NC: -- "Nick Cassavetes walks into a bar, starts to make a movie, right?" No, it's… I'm not gonna tell this movie the way I tell The Notebook. Two different stories, you know? I believe in everlasting love -- I really do. I love the movie. I knew what it was, I knew what it wasn't. I apologized to all my male friends for making that movie, but I also like this. I'm also really interested in the excess of youth and how people that were basically bad people could get themselves into such a monstrous situation, you know? Some people are going to say whatever they're going to say, because ... Actually, I like when people don't like my movies. I think it's great.

TR: Does that illustrate something for you about your work, or you like that you put a bee in their bonnet?

NC: I think about my movies. I'm pretty clear on what they are and what they're not when I release them. And the fact that it polarizes people, people take some kind of offense to it -- that's great. People should talk about movies that way.

TR: Neil LaBute said the worst thing anyone could ever say about your movie is, "Whaddya want to eat?"

NR: "Well, that was good." Yeah, you know, I think I interrupted a question. I'm happy. Every single movie I've ever done, they've annihilated me and then some people have liked it. It's great.

TR: When you come to the climax we're all rooting against, you shoot it on a high hill, it's dreamy-bold after they've driven past through the angels-wing pinwheeling of the windmills, to have these cold stars look down on you, and they don't have anything to say. This is the past, this is the beauty of the night you're in, and you're still fucked up. This is fate and destiny above you, and you fucked it up.

NC: Yeah. No turning back now.

TR: It's bold and good, after naturalism, to have moments that crunchy -- that forthright. The universe is not judging, the universe is not paying attention.

NC: It don't give a shit! [Laughs] That's an adage that is almost universally true: [Whispers] Nobody cares. Nobody cares.

TR: What's your instinct, your rules, for letting a character go on and on? Where do you stop? Particularly Sharon Stone at the end; it's like, "I'm watching it, I'm hurting here, stop! I'm hurting. You're hurting yourself." I'm looking for the fat suit. Then her character starts to laugh at herself and you go, "Keep going." When is too much? I don't think you go too far --

NC: I hope I do go too far! I think I shove it right up their behinds! And that's what... Ben Foster, he's a power-car actor, you wind him up and let him go. We had a few things with him that helped him, but you know, a guy like that, who's a slight guy, is not usually cast as somebody that you fear. So he shaved his head, we used those glaucoma drops to make his eyes big like this, and so they just got black, his eyes, plus the guy's a miraculous actor. But he looks kind of like a gay hustler in the movie. You know what I mean? That's the kind of guy that I worry about. And for me, when you're a young filmmaker, you're trying to do this quiet little film that nothing is wrong with it, there's no... It's perfect. You want to make a perfect little encapsulated movie where everybody gets it -- maybe a little arrogant. As you get older, you've made that movie. I don't give a shit about if I go too far! I'm interested in exploring how far I can go. People don't like it, tough shit! I don't mean to sound like I'm an idiot, but I've made five movies, I know what movie the audience probably wants to see.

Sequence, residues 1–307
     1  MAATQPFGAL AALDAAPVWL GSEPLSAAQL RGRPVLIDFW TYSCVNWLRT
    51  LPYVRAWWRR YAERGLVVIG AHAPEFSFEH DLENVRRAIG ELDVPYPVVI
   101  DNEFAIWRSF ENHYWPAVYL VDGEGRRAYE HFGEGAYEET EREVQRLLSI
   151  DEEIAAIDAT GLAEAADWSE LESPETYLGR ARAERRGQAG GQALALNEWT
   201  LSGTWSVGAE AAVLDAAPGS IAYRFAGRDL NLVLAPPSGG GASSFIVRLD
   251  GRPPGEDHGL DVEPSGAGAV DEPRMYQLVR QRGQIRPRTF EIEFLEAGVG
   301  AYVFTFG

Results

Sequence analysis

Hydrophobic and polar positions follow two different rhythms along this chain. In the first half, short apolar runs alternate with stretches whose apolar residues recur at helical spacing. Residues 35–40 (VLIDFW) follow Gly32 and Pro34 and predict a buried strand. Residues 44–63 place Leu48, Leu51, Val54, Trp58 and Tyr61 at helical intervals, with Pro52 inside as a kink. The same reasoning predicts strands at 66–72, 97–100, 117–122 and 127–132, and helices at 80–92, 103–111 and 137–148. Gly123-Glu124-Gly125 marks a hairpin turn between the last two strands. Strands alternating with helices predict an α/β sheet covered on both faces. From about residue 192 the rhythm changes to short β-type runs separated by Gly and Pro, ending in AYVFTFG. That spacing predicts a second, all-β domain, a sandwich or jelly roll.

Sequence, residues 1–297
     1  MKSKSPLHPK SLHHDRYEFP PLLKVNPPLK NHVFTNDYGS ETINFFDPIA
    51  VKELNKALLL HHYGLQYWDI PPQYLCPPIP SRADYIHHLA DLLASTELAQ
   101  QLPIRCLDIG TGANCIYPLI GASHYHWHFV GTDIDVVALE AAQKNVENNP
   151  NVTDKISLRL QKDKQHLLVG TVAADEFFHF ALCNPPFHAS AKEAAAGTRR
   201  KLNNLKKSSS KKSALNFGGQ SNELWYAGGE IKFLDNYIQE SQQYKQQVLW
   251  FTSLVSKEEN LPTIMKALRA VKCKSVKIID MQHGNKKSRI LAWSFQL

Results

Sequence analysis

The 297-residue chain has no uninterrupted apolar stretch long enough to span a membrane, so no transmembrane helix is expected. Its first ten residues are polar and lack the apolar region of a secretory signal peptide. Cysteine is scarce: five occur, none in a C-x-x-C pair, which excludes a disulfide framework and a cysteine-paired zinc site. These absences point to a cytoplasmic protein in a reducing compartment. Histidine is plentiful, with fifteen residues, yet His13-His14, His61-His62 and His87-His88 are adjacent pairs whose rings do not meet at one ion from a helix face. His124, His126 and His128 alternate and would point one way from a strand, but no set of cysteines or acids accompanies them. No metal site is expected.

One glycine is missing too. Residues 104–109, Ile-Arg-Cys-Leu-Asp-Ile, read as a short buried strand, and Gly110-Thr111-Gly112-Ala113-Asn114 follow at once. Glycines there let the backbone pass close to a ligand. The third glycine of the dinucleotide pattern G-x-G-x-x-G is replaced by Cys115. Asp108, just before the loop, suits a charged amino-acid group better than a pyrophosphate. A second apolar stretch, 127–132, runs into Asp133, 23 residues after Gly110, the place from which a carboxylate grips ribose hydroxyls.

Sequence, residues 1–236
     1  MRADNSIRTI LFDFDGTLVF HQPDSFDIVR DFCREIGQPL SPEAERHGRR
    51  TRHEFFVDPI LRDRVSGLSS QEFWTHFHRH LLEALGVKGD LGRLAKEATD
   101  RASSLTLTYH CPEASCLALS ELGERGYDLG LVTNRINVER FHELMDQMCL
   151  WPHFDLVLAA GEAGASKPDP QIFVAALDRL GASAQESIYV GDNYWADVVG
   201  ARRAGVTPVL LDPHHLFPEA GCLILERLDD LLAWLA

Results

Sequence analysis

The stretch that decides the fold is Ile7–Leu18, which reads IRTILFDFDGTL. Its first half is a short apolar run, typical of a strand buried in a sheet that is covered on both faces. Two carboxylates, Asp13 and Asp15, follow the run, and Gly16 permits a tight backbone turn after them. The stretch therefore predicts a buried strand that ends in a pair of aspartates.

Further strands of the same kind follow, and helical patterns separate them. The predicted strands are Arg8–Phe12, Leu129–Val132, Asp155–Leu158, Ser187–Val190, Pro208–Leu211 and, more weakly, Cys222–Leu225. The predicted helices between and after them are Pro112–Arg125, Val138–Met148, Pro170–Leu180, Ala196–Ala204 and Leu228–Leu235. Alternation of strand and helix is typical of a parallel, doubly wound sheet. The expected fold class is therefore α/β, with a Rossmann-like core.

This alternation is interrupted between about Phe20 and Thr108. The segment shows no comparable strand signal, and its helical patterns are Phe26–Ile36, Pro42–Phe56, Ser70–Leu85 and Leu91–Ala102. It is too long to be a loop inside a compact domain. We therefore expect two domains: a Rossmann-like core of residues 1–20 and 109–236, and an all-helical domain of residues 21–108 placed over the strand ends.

When it comes to conflict with what I want to do or those pesky details like the truth, the audience has to look at a different type of film. And it's good. You know, I'm quite aware of it. I have a sex scene after a murder. Usually that doesn't work, but that's the point: The things that were working for him -- all that stuff that you really might have enjoyed seeing early -- it doesn't work anymore. Man, the kid's dead. He's dead.

TR: You're rooting for him: Please get laid, please survive.

NC: Yeah, but it's wrong. It's wrong to hold the camera on Sharon so long and let her go for so long. Right. That's the point. She's suffering. You think that a three-minute scene is wrong? Check out her life. It's five years later. Check in with her. She's still like that. She's a very, very interesting woman. I talked to Susan a couple of days ago. She calls me all the time. She says, "I want to see the movie." And then cancels at the last minute. A number of times. I'm pleased with the film. My buddy Dave Thornton says to me, "Nick, you don't watch this movie, you endure it." And I think he's right.

Ray Pride is the editor of Movie City Indie.